Thunderbirds Are Go – Season 1 Episode 5

Apr 25, 2015 | Posted by in TV
Thunderbirds Are Go


Thunderbirds Are Go attempts a remake of a classic Thunderbirds episode where the Hood attempts to steal the highly advanced Fireflash plane.

Remaking this particular episode makes sense as the original is iconic. It was the very first episode of Thunderbirds and set the tone for that series in many ways. I’m not sure remaking the episode was necessary for this updated version but we have it anyway.

The central character in this episode is Kayo. We haven’t seen her since the pilot episode so giving her some much needed screen time is good after a bit of an absence. She fulfills the role of Tin-Tin in the original episode -and arguably takes her role in the series itself- as a passenger on the Fireflash when things go wrong.

Kayo is very different to Tin-Tin in the respect that she has agency within the story rather than simply sitting around while the Tracy brothers sort out the problem. Kayo is just the opposite and gets right in the middle of the situation and tries to sort it out.

Just like before it’s the Hook that sabotages the Fireflash and his presences lends itself to some pretty cool scenes where Kayo has to face against him directly. There’s a really cool fight sequence where she more than holds her own until he slinks away as usual.

Thunderbirds Are Go

Fireflash prepares to touch down on the elevator platforms

Of course the Hood’s presence is mostly incidental where the real story comes from the rescue attempt that needs to be made. Kayo shows herself to be more than capable here as she attempts to land the seemingly doomed Fireflash. A failure in the deployment of the landing gear means that the Tracy brothers need to step in.

After this we get something of a homage to the original episode with the mobile elevator platforms substituting for the damaged landing gear but there were a couple of clever twist here. The first of which is that the elevator cars were piloted by Alan and Gordon rather than being remote controlled in the original. This actually created a nice sense of jeopardy as Alan and Gordon were placed in direct danger if all of this went wrong. Obviously Kayo and a planeload of people were also in mortal danger but this way had more of the lead characters endangered by the situation.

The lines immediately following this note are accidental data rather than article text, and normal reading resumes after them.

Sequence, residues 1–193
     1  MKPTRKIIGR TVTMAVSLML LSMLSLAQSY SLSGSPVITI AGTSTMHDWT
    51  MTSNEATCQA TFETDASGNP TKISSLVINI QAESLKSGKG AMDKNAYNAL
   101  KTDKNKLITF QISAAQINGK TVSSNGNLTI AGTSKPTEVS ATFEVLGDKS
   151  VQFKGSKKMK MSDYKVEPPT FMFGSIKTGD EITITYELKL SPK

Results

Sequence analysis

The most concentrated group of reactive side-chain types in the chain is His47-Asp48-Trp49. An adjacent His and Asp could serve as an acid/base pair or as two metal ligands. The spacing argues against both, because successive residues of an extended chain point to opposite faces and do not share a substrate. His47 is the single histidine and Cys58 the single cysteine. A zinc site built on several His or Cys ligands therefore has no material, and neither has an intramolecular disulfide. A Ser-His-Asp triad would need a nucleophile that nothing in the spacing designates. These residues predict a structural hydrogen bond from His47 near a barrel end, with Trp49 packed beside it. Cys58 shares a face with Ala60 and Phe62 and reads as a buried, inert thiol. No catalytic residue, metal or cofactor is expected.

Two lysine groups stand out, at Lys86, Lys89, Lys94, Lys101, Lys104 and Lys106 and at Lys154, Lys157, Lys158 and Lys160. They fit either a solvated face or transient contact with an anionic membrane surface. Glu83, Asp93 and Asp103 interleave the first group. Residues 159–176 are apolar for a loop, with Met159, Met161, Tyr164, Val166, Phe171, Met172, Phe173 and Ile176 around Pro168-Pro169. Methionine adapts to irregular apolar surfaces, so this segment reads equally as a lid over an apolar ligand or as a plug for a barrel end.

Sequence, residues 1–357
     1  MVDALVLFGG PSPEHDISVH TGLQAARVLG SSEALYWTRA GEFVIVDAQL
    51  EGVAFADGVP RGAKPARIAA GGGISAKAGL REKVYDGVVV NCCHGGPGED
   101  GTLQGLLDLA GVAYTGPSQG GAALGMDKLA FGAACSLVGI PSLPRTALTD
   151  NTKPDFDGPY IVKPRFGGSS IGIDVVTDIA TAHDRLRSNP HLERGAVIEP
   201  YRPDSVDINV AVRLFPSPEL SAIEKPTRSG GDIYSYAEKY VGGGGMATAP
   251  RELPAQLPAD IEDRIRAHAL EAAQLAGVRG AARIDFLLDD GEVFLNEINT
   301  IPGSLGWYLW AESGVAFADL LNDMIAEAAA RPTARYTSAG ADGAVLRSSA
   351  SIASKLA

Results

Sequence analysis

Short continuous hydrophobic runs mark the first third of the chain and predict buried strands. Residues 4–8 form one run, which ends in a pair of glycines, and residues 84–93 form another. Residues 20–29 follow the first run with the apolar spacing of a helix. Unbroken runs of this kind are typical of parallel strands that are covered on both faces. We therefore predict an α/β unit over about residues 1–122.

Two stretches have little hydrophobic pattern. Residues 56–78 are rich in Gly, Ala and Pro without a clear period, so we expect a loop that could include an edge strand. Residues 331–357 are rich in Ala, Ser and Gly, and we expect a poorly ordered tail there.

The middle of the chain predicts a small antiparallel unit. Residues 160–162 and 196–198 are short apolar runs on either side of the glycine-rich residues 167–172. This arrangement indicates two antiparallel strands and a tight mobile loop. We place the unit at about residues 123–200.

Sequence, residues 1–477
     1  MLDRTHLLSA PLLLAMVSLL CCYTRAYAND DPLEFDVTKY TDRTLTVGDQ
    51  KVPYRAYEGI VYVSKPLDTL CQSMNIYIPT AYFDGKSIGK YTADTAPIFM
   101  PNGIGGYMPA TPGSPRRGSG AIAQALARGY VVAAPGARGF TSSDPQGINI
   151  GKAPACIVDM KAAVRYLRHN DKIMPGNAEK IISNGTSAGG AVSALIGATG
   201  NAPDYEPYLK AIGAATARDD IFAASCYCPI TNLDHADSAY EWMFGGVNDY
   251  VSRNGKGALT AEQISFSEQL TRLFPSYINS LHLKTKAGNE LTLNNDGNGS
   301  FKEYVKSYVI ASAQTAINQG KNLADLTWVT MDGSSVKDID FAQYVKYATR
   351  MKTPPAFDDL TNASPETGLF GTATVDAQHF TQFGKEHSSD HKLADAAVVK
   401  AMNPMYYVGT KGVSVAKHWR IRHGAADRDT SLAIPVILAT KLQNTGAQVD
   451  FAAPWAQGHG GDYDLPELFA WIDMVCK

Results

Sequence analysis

Having this plan fail where it succeeded in the original was a nice touch as well. I’ve said in my other reviews that the Tracy brothers seem to have things a little too easy for the most part. All of their plans seem to work so it was good to see something that didn’t. Having them scramble for a new plan after the only one they had failed was definitely a welcome change of pace and created plenty of tension. The use of the familiar “Fireflash Landing” music from the original show was a nice touch of nostalgia as well. If you don’t know what I’m talking about then I have embedded it below.

I found the actual resolution of the problem to be a bit convenient and had me asking “Why didn’t they just do that in the first place?” but it didn’t really undermine the great stuff happening before this.

The best moment in the episode was when Kayo immediately showed how willing she was to sacrifice herself to make sure the Fireflash wouldn’t hurt anyone else. If the passengers were doomed then she wasn’t going to bring the Tracy brothers down with it. It was a very noble sentiment and shows how pragmatic she is. So far she is the only character showing these sorts of traits but hopefully we’ll see similar from the Tracy brothers before long.

In terms of the characters I found them a lot less annoying this week. They were still as arrogant as ever but there was a certain professionalism about them that had been lacking in prior episodes. I think the main weaknesses in this episode were that it relied a little too heavily on nostalgia in reminding viewers about that old episode rather than really trying to do something new. It’s good that it’s finally starting to live up to its potential but it shouldn’t need to draw on old stories to do so.

Most of this review I was focusing on what this episode did in comparison to the old episode and it probably shouldn’t have but at the same time it was impossible to to do that as I know the old episode so well. Thankfully this version holds up but the remake stigma prevents it from truly standing alone.


  • 8.5/10
    Fireflash - 8.5/10


A really strong episode that capably remakes a classic story from the old series and gives it a stylish update.

I enjoyed the focus on Kayo and how much agency she had within the plot to help the doomed Fireflash land safely. Seeing her take on the Hood before fearlessly taking the controls and trying to land the Fireflash was all really cool and helped establish Kayo as a very capable character who can be counted on in a crisis.

The scene where she was willing to sacrifice herself so that the Tracy brothers didn’t needlessly die when the passengers were doomed anyway was a really noble moment and showed real pragmatism from Kayo. She is hands down the most interesting character on this show so far.

I enjoyed all the homages to the original episode as well as the use of the classic music giving the whole thing a nice feeling of nostalgia. The twists on the story such as the elevator platform plan failing were a nice touch as well but I felt that evoking nostalgia was a bit of a waste given how this show hasn’t really done this so far. I’m sure that a similar original story could have been crafted easily enough.

It’s definitely a step in the right direction with some stronger writing than before but this episode invited a lot of comparisons to the classic episode and that might not be the best idea in the future.

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